From Yellow Pages to online marketplace for SMEs, the strong and silent rise of Askmebazaar
At first, Ranbir Kapoor is trying to hit on a girl, but it does not work. Later, when she is confused about shopping and wonders “Isn’t there an easier way?” he jumps in with Askmebazaar app as the solution. Kangna Ranaut and Farhan Akhtar also dance around saying the same, in different ads.
That is exactly what the Askme Group aims for: to be the prime discovery channel for every shopping need, in cities small and big. When it launched Askmebazaar, a horizontal marketplace for smaller and medium enterprises (SMEs) in 2012, Flipkart and Snapdeal had already set foot in the country’s e-commerce scene. But Askmebazaar took a different route. Instead of keeping an inventory or logistics options like the big daddies did, it took e-commerce to the small sellers in smaller towns.
Less than five years in, their story has turned into a stunner.
Askmebazaar’s parent company Getit Infoservices was publishing Yellow Pages for decades, by collecting merchant listing in every city across the country. By 2006, the Indian retail ecosystem had started moving away from print to digital data assimilation. Askme.com was founded as a classifieds portal in 2010.
They had to build a transactional revenue stream that could leverage the parent company’s market presence and its relationship with the audience. Thus, Askme Group’s marketplace model started in 2012 as Askmebazaar. They went to the wider side of the pool – to the smallest of possible SMEs who were not the typical sellers on eBay or Flipkart.
By 2013, Malaysian billionaire T. Ananda Krishnan’s firm Astro Holdings bought Getit Infoservices, which owns Infomedia Yellow Pages and AskMe, from Network18 group.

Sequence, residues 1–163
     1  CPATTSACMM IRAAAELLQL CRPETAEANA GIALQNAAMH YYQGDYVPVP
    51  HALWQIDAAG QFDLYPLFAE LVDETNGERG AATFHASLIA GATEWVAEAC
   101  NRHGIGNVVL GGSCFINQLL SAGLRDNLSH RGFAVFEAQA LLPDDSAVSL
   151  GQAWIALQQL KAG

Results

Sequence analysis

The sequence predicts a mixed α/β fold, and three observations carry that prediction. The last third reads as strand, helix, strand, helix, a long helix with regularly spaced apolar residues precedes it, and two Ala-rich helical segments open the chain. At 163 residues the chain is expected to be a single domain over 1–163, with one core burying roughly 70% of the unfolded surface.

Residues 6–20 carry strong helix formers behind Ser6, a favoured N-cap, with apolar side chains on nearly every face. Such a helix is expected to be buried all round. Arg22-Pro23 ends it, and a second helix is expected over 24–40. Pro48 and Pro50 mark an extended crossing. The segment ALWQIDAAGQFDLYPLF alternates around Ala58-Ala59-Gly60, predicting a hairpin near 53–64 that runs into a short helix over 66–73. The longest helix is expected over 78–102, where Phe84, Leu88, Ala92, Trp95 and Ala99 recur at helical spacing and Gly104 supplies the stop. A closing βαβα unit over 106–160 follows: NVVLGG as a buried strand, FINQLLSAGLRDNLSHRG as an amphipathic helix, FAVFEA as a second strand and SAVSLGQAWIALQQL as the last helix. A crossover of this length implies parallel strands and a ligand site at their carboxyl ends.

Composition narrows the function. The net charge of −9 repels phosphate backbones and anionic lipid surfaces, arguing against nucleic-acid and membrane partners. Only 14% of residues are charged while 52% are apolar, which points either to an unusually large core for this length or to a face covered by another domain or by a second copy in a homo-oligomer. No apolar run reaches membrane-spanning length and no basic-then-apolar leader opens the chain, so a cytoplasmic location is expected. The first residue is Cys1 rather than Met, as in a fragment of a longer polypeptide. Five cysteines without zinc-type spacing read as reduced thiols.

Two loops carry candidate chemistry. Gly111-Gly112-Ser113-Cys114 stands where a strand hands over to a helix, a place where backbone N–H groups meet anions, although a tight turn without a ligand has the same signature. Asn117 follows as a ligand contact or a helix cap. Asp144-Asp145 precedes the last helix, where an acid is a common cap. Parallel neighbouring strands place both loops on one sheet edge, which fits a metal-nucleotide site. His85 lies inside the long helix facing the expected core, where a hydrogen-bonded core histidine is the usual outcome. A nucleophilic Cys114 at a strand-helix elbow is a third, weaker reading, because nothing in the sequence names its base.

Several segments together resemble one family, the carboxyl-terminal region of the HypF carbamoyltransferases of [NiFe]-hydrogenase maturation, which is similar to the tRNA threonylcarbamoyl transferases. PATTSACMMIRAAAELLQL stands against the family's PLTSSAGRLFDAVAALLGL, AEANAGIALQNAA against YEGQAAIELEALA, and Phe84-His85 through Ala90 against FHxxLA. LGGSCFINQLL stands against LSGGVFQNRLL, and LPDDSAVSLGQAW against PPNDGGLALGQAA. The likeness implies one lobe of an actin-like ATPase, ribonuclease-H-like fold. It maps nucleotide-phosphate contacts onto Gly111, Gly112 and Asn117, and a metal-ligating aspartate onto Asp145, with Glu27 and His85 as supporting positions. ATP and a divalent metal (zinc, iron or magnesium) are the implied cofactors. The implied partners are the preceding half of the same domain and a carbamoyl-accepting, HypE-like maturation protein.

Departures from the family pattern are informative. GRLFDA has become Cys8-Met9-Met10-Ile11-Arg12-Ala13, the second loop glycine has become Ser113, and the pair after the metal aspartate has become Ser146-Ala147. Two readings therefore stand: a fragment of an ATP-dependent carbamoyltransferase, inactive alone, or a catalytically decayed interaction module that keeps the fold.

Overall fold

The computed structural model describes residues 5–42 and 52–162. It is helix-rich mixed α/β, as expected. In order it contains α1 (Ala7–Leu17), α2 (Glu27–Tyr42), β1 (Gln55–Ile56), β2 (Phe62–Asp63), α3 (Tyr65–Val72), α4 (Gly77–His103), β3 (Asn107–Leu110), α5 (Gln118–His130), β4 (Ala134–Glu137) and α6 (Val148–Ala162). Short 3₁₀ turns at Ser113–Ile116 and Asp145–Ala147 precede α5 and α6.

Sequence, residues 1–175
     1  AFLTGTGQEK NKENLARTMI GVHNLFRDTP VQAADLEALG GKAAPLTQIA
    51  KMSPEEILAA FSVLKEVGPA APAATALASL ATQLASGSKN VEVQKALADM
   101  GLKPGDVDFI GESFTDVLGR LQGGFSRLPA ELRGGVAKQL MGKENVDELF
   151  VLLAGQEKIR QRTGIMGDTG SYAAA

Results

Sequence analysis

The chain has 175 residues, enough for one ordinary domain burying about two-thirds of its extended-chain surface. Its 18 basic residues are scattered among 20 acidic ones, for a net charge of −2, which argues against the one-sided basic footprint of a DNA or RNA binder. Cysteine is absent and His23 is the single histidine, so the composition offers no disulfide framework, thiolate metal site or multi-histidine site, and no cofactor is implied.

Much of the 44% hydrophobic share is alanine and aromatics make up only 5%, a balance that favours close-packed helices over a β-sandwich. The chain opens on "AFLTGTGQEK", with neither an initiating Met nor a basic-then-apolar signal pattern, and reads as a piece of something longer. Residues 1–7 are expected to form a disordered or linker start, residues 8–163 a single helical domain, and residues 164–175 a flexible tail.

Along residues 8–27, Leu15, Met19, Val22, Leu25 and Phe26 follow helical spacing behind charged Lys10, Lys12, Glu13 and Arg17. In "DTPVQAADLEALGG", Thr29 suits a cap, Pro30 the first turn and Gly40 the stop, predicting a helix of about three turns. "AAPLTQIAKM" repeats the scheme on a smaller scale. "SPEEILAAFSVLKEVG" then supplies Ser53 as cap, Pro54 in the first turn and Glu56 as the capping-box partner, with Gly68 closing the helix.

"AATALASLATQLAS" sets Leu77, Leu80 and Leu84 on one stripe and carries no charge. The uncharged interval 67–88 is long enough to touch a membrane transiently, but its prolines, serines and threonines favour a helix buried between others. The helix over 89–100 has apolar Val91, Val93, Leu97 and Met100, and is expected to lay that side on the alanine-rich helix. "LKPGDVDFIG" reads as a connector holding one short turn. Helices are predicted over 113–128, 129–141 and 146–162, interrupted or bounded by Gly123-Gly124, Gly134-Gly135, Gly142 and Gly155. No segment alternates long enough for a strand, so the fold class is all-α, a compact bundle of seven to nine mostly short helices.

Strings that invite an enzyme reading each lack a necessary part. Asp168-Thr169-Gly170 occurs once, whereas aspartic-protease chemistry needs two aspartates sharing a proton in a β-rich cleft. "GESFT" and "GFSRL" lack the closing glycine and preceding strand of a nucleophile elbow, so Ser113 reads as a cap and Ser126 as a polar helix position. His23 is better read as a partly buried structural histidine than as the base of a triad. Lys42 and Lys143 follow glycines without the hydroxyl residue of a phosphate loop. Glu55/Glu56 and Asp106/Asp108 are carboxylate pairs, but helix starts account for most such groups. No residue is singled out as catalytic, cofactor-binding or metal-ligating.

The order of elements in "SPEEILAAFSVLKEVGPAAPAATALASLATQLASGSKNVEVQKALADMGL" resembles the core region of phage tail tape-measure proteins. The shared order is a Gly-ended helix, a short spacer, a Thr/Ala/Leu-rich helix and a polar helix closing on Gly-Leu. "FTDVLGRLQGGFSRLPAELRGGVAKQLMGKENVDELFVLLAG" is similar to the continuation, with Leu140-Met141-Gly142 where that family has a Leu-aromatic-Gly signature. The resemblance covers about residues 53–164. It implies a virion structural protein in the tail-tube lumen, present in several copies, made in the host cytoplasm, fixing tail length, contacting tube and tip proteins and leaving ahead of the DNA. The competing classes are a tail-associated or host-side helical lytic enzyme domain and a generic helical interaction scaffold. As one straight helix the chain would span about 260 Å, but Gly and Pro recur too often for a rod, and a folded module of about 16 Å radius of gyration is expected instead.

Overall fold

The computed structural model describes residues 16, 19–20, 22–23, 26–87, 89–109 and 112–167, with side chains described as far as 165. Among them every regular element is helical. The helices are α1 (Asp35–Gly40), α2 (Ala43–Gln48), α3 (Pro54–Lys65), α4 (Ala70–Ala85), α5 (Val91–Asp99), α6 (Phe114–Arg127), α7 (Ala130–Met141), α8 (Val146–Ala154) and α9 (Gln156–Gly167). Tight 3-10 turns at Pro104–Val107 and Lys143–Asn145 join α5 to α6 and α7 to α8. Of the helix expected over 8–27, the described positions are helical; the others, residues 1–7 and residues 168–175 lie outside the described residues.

The path less travelled
Askmebazaar started with small-town sellers who were aspiring to start their business online. Although it was a phenomenal struggle to get them to manage the technology, conducting e-commerce with hyperlocal businesses has a major advantage: items can be collected and delivered locally. Also, high level of description is not essential for product discovery, which is what Askmebazaar primarily is about. Kiran Murthy, CEO, says: “We ensure great customer service– especially with delivery and cash collection. While buying online from a local shop, the customer wants the same guarantee as he would get from walking in and buying from the same shop.”
One of their strengths is the next day delivery (NDD) offer. “Although it took us 18 months to get this model working properly, it has shown great response,” says Kiran, who is an alumnus of IITM and IIMB.
While hyperlocal businesses can succeed only with great capability in supply chain integration, more important is the actual demand for such a service. Ankur Bisen, Senior Vice President, Retail and Consumer Products, Technopak Management Consultancy, says: “It is not an under-served need of the customer that the hyperlocal model is trying to address. Many hyperlocal businesses have scaled rapidly and then faced a lack of demand – it does not mean customers do not need it; they just use hyperlocal in a different way.”
Focus on local market
Askmebazaar's strategy is to focus on high-value items for profit, and acting as a delivery-and-cash-collection agent between the local sellers and local audience.